WASHINGTON— The National Marine Fisheries Service released a revised draft biological opinion today finding that three widely used insecticides — chlorpyrifos, diazinon and malathion — jeopardize the continued existence of dozens of endangered marine species, including salmon and Puget Sound orcas.
Today’s analysis echoes a previous biological opinion on the three pesticides released by the Fisheries Service in 2017. That opinion was disavowed by Trump political appointees, forcing the agency to redo its analysis.
In the five years since the 2017 analysis, the Environmental Protection Agency has continued to allow unchecked use of the three pesticides in the habitat of endangered plants and animals, despite its knowledge that these chemicals pose an extinction-level threat to many protected species.
“The National Marine Fisheries Service should be commended for following the science and confirming that these three toxic poisons are lethal for salmon and are pushing Puget Sound orcas closer to extinction,” said Lori Ann Burd, environmental health director at the Center for Biological Diversity. “Despite enormous pressure during the Trump administration, the Fisheries Service maintained scientific integrity and showed real courage in not bending to the will of the pesticide industry.”
The draft biological opinion concludes that chlorpyrifos and malathion jeopardize the continued existence of 37 endangered species and adversely modify the designated critical habitat of 36. It also finds that diazinon jeopardizes the continued existence of 26 endangered species and adversely modifies the designated critical habitat of 18.
The next step will be for the Fisheries Service to receive public comments and transmit its analysis to the EPA for implementation.
The Trump administration agreed to the pesticide industry’s demands that biological opinions must consider “usage data” — data widely considered to be incomplete and unreliable — in determining harm to endangered species.
After requiring countless staffers at the Fisheries Service, EPA, U.S. Department of Agriculture and U.S. Fish and Wildlife Service to review and assess usage data, the Fisheries Service explained in its opinion that “Usage data (data on past use) are not available at a useful scale to predict exposure to the threatened and endangered species” and that “NMFS concluded that usage data is not sufficient to represent the extent of pesticide use that will occur over the 15-yr period of the action, particularly given NMFS’ need to insure the action doesn’t jeopardize the species or adversely modify the habitat.”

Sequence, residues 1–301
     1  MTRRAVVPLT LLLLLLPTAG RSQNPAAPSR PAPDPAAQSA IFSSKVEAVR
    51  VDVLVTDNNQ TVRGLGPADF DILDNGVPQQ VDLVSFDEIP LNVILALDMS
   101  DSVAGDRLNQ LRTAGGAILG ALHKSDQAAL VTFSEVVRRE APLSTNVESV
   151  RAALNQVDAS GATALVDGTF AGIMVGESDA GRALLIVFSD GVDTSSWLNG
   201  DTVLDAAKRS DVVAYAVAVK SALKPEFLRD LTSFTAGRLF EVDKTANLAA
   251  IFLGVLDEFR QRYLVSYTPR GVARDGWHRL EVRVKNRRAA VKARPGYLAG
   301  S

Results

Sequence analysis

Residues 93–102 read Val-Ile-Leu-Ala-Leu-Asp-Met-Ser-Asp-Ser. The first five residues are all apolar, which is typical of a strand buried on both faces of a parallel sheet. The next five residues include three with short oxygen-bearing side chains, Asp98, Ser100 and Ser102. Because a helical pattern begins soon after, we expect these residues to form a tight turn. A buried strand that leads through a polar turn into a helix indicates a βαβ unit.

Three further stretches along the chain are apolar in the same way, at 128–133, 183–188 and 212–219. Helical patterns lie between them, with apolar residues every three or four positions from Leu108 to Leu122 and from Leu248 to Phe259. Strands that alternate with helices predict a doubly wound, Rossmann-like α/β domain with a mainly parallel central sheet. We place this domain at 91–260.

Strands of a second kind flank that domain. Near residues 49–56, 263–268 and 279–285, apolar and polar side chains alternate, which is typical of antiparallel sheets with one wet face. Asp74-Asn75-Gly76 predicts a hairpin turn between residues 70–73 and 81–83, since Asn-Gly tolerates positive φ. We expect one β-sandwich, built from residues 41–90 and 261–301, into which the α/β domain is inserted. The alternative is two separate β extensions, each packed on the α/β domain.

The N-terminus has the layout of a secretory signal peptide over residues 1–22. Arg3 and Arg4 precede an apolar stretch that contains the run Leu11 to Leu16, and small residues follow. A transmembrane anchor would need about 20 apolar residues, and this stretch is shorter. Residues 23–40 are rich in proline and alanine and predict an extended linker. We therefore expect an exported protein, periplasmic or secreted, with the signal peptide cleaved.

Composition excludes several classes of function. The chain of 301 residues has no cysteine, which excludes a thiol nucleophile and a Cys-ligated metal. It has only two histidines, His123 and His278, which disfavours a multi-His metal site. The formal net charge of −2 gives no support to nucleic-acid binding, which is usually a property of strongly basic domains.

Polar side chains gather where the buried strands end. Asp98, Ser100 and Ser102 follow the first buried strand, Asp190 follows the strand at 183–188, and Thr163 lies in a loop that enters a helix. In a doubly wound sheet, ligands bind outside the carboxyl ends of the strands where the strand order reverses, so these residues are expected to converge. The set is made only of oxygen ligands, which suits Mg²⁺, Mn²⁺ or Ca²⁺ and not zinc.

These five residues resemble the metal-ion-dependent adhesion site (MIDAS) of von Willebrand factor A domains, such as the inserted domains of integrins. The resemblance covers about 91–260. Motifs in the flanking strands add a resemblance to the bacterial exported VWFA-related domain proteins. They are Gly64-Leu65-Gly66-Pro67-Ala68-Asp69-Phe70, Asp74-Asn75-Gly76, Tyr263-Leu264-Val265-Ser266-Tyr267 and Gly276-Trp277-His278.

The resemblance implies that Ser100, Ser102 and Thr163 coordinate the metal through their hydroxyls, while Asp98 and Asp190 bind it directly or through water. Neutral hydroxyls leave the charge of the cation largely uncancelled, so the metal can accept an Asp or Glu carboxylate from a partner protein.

The agency’s conclusion is supported by the fact that pesticide usage data is only collected at the state level and that existing federal law prohibits finer-scale collection of such data based on privacy concerns.
In contrast to the Fisheries Service’s scientific conclusions regarding usage data, its sister agency, the U.S. Fish and Wildlife Service, continues to follow the industry-requested directives first set forth during the Trump administration.
For example, in a draft biological opinion on these three chemicals released in April, the Fish and Wildlife Service determined malathion would jeopardize only 78 of the more than 1,700 endangered species under its jurisdiction. That finding contrasts with an earlier draft conclusion — reached prior to the Trump administration’s intervention — finding that 1,284 species would be jeopardized by the pesticide.
In the coming days the Fish and Wildlife Service is expected to release a final biological opinion according to the terms of a legal agreement with the Center.
“As we commend the National Marine Fisheries Service for its excellent analysis of these pesticides’ impacts, we must also condemn the Fish and Wildlife Service, which has all but given up on trying to protect endangered species from these very same pesticides in these very same places,” said Burd. “We’ll continue to fight to protect scientific integrity and these critical biological opinions that provide a lifeline to orcas and salmon alike.”
As part of a legal agreement, the Fish and Wildlife Service was supposed to issue a biological opinion by the end of 2017 identifying ways to safeguard endangered species from chlorpyrifos, malathion and diazinon, as required by the Endangered Species Act.
In January 2017 the EPA completed its part of that process when it issued a biological evaluation determining that nearly all federally protected species are likely harmed by chlorpyrifos and malathion. It also found that more than three-quarters of all endangered species are likely to be harmed by diazinon.
The World Health Organization has found that malathion and diazinon are “probably carcinogenic to humans.”
Following the EPA’s announcement, officials at Dow AgroSciences asked the Trump administration to suspend the assessments.
In May 2017 the Fish and Wildlife Service announced that after nearly four years of work, its draft biological opinion assessing the pesticides’ harms was nearly complete and would be ready for public comment within months. As career staffers at the Service were preparing to make the biological opinion available for public comment, they briefed Trump's political appointees, including then-acting Interior Secretary David Bernhardt, on the results of the agency’s rigorous scientific review.
Following this briefing, top officials at the Department of the Interior, including Bernhardt, acted to indefinitely suspend the release of the Service’s assessment. The Trump administration’s unprecedented efforts to undermine those findings were highlighted in a New York Times investigation.
A document obtained by the Center through the Freedom of Information Act revealed the assessments were suspended after the top political appointees were briefed on the fact that the Service’s analysis had determined that chlorpyrifos jeopardized the continued existence of 1,399 protected species.